BREAKING THE GIRLS
BY CHRISTOPHER HASKELL
AUGUST 8, 2013
Super sexualized, “Breaking The Girls” brings double-crosses and a “Strangers On A Train” plot to the world of sexy twenty-somethings messing with sexual boundaries and continuously twisting agendas. Madeline Zima leads the pack, as the promiscuous Alex, who struggles to hold onto her last connection with her stepfather, despite his new wife’s (her ex) disdain for her. Always convincing and enigmatically sexy, Zima does her best to keep this film running smoothly despite its sometimes awkward plot twists. Agnes Bruckner, as Sara, becomes the protagonist, as she loses her job, scholarship, and housing thanks to the prissy, know-it-all, Brooke (Shanna Collins). She has a personal vendetta against Sara, since her boyfriend, Eric (Shawn Ashmore), has the hots for her.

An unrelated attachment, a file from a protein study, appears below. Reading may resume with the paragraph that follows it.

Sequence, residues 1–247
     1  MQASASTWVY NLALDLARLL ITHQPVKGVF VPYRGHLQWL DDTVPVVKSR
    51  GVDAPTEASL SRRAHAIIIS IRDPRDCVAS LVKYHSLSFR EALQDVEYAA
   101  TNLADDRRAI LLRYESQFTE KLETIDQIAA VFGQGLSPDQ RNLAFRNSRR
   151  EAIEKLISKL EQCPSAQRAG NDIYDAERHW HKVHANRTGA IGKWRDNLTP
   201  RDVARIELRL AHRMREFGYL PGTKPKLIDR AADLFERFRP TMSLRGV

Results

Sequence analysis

It becomes Alex’s plan to trade murders with Sara to lose all motives, but when Sara can’t hold up her end of the bargain, things get messy. Similar to films like “Wild Things,” with ever-changing alliances and motivations, Jamie Babbit’s “Breaking The Girls” becomes too heavy to handle by the end, and with one twist after another, they fail to register at a certain point, losing credibility and losing distinguishable dialogue. However sexy this film may be, there’s not quite enough here to keep it feeling more like a made-for-TV movie rather than a fully formed feature film.
November 7, 2012